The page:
A Thulium laser is then used to treat the posterior annulus of each symptomatic herniated disc and potentially some bulging discs. This process can both shrink the disc bulge or herniation as well as relieve the pain caused by the injured disc(s). The procedure places sufficient energy into the annulus to turn off the nociceptors or pain nerves, char the annulus as well as seal the blood vessels extending into the annulus. These vessels bring compounds to the disc that cause further inflammation and pain in the area. Antibiotics are now injected into each disc that has been treated and the instruments are removed.
How Long Does a Thoracic Discectomy Procedure Take?
The Thoracic Discectomy and Neural Decompression Procedure is performed in a surgery center and typically is accomplished over the course of 1 to 2 1/2 hours depending on the anatomy of the patient, the complexity of the pathology and how many discs are problematic.
What is recovery like after a thoracic discectomy?
After the procedure is completed, the patient is awakened and moved to the recovery room until discharge. The average time spent in the recovery room after the procedure is about 1 hour. As mentioned above, these are minimally invasive procedures. They do not involve large incisions or fusion. You will have some tenderness at the needle insertion locations. Most patients can return to work in as little as one week. Overall final results should be realized within six weeks. Dr. Watson will discuss your recovery with you during your consultation.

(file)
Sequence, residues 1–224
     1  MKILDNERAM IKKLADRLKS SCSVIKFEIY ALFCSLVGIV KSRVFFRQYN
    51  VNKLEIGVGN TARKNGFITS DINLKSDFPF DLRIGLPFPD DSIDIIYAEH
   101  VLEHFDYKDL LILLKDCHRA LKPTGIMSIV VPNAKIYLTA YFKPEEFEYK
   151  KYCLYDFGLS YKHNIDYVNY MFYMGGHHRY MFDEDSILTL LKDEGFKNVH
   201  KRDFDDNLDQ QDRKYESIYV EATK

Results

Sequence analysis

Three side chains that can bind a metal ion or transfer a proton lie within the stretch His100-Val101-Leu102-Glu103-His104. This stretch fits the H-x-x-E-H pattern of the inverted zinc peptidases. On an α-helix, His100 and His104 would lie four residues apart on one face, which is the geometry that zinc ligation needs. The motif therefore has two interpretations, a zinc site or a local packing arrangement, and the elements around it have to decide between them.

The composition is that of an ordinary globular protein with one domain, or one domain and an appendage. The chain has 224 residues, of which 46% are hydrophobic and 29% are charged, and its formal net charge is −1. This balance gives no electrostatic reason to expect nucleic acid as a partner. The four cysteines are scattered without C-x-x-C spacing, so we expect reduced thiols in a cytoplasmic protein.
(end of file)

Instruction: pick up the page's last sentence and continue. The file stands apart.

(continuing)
What kind of results can I expect from a thoracic discectomy?
Disc herniation in the thoracic spine is rare because this area of the spine is the least mobile. These herniations account for less than 1 percent of all herniated discs. But when a disc does herniate in the thoracic spine, because the area is more difficult to access due to the bones and organs many spine surgeons do not perform discectomies in this area.
That’s where Dr. Watson’s minimally invasive approach can really make a difference. By turning off the pain nerves with the Thulium laser energy, we can achieve a good deal of pain relief without invasive surgery. The laser energy is able to directly impact the pain that originates in the disc and the areas where the discs are pressing on nearby nerve roots. This reduces or removes the pressure on the nerve roots and relieves the corresponding pain. While every patient’s results can vary, Dr. Watson has been helping patients with these laser treatments for 13 years and can help you.